When Ben Bernanke and Henry Paulson testified before the Senate banking committee last month about Paulson’s proposed bailout bill, a demonstrator in the audience held up an 8.5-by-11 piece of paper with one word scrawled on it in block letters: “FAIL.” Earlier in September, Sarah Palin’s interview with Charlie Gibson was dubbed by some bloggers an “epic fail.”Grist magazine invoked the phrase when John McCain told a Maine TV reporter that Sarah Palin “knows more about energy than probably anyone else in the United States.” And just last week on the Atlantic’s Web site, Ta-Nehisi Coates found the theory that Bill Ayers ghost-wrote Barack Obama’s memoir so “desperate” he called it an “Epic Fail.”
What’s with all the failing lately? Why fail instead of failure? Why FAIL instead of fail? And why, for that matter, does it have to be “epic”?
It’s nearly impossible to pinpoint the first reference, given how common the verb fail is, but online commenters suggest it started with a 1998 Neo Geo arcade game called Blazing Star. (References to the fail meme go as far back as 2003.) Of all the game’s obvious draws—among them fast-paced action, disco music, and anime-style cut scenes—its staying power comes from its wonderfully terrible Japanese-to-English translations. If you beat a level, the screen flashes with the words: “You beat it! Your skill is great!” If you lose, you are mocked: “You fail it! Your skill is not enough! See you next time! Bye bye!”
Normally, this sort of game would vanish into the cultural ether. But in the lulz-obsessed echo chamber of online message boards—lulz being the questionable pleasure of hurting someone’s feelings on the Web—”You fail it” became the shorthand way to gloat about any humiliation, major or minor. “It” could be anything, from getting a joke to executing a basic mental task. For example, if you told me, “Hey, I liked your article in Salon today,” I could say, “You fail it.” Convention dictates that I could also add, in parentheses, “(it being reading the titles of publications).” The phrase was soon shortened to fail—or, thanks to the caps-is-always-funnier school of Web writing, FAIL. People started pasting the word in block letters over photos of shameful screw-ups, and a meme was born.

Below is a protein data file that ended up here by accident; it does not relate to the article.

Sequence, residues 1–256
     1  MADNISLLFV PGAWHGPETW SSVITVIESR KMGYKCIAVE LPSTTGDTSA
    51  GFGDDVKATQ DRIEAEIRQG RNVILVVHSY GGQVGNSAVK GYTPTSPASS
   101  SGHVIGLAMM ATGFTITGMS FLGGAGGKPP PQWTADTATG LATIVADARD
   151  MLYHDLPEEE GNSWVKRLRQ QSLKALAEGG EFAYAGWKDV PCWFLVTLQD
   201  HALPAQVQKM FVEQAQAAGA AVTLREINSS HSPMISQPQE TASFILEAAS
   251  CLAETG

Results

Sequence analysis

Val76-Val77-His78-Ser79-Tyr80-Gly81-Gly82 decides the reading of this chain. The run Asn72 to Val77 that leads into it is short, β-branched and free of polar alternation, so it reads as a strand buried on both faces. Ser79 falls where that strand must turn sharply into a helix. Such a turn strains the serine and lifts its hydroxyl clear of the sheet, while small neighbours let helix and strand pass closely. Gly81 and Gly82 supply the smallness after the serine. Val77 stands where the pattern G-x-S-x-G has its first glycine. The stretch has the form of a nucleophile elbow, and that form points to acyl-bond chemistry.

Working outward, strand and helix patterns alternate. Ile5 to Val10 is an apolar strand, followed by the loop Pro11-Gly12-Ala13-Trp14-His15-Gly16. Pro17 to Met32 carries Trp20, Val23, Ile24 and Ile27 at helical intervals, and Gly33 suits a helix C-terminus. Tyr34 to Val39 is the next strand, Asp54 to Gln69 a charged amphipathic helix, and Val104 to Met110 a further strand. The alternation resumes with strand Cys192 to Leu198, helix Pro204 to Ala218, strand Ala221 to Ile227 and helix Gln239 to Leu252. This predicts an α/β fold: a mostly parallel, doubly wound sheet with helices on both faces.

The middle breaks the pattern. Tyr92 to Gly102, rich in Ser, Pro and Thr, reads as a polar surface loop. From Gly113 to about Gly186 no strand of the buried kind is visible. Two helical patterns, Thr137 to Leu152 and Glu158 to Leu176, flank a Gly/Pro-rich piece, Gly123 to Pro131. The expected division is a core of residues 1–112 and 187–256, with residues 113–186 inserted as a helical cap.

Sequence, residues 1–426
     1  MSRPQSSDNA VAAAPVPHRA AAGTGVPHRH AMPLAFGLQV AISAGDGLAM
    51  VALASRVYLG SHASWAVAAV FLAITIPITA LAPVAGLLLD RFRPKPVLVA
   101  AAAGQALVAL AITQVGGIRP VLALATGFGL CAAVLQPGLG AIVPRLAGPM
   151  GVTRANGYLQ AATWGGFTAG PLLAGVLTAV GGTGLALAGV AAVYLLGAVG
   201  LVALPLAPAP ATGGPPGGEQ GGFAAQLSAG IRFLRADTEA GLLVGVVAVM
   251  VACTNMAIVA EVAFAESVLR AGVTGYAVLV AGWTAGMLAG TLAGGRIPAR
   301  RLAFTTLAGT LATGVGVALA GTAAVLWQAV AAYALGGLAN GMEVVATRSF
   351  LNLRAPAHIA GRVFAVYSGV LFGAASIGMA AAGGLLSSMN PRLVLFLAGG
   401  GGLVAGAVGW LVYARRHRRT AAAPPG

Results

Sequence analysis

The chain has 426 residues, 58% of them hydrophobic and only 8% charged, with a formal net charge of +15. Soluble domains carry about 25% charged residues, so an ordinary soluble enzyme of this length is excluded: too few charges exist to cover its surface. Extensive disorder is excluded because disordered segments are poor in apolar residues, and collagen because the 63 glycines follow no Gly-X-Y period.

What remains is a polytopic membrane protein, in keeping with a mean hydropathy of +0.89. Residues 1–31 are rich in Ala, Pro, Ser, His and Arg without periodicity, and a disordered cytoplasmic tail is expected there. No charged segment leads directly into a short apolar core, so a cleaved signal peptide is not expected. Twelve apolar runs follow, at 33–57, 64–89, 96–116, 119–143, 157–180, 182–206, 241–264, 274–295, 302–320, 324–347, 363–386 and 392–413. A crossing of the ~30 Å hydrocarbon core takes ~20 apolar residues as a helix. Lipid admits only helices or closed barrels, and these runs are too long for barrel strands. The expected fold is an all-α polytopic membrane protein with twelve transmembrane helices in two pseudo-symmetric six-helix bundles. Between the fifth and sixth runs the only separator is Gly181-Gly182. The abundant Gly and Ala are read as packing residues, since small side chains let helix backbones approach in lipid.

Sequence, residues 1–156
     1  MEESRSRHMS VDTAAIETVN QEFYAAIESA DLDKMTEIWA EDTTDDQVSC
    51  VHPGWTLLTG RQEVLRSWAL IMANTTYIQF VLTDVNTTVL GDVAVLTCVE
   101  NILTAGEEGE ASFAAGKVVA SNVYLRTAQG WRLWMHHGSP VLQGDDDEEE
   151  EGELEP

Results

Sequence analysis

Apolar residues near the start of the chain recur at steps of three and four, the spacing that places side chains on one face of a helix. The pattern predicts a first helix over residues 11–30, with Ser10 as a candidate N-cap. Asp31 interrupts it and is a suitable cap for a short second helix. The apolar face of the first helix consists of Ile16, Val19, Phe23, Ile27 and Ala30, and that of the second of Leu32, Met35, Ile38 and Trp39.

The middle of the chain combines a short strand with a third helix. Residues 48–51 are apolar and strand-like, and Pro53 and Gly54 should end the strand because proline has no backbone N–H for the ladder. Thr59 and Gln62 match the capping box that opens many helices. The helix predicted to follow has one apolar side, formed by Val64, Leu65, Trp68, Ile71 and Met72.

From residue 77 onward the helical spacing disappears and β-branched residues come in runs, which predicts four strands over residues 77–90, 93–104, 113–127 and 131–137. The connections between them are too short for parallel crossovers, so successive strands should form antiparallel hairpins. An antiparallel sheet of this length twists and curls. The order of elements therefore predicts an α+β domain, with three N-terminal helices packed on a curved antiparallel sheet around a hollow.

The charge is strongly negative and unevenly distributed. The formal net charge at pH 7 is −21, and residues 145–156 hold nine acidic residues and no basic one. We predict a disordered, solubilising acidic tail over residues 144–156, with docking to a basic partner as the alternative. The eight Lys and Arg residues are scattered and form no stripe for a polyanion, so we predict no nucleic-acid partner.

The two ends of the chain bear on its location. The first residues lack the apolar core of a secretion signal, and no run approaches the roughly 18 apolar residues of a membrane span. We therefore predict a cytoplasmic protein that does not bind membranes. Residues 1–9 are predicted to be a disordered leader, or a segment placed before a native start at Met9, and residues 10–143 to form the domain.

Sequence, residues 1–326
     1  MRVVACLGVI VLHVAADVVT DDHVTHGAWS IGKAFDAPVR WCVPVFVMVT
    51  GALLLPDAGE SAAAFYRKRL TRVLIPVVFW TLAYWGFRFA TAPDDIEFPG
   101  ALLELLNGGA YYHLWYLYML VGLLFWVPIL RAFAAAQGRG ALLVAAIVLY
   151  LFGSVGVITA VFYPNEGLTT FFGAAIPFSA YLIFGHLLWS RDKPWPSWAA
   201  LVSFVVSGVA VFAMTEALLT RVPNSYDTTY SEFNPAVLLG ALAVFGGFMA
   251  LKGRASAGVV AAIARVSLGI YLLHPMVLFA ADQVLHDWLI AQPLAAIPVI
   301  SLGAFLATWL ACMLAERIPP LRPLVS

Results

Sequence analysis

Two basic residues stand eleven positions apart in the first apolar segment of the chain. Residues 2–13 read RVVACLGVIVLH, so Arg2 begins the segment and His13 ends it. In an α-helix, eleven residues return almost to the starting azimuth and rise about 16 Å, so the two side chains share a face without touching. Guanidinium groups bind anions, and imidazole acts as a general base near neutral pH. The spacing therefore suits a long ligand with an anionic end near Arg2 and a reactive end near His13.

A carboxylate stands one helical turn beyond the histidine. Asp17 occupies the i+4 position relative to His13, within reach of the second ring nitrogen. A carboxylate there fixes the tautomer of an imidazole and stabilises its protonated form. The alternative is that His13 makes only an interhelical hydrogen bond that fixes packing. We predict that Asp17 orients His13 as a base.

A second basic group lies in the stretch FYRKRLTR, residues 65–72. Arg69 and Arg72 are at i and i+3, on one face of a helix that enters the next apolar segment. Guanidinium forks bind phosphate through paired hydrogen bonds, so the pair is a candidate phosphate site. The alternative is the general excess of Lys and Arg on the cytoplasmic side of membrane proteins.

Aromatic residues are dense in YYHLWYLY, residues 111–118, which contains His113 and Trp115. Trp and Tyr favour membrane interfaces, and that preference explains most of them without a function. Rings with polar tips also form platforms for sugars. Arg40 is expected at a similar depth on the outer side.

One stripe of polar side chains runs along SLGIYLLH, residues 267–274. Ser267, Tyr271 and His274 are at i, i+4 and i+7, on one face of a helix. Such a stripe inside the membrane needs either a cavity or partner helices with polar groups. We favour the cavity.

The fail meme hit the big time this year with the May launch of Failblog, an assiduous chronicler of humiliation and a guide to the taxonomy of fail. The most basic fails—a truck getting sideswiped by an oncoming train, say, or a National Anthem singer falling down on the ice—are usually the most boring, as obvious as a clip from America’s Funniest Home Videos. Another easy laugh is the translation fail, such as the unfortunately named “Universidad de Moron.” This is the same genre of fail that spawned Engrish, an entire site devoted to poor English translations of Asian languages, not to mention the fail meme itself. A notch above those are unintentional-contradiction fails, like “seedless” sunflower seeds or a door with two signs on it: “Welcome” and “Keep Out.” Architectural fails have the added misfortune of being semipermanent, such as the handicapped ramp that leads the disabled to a set of stairs or the second-story door that opens out onto nothing. Even more embarrassing are simple information fails, like the brochure that invites students to “Study Spanish in Mexico” with photos of the Egyptian pyramids. These fails often expose deep ignorance: One woman thinks her sprinkler makes a rainbow because of toxins in the water and air.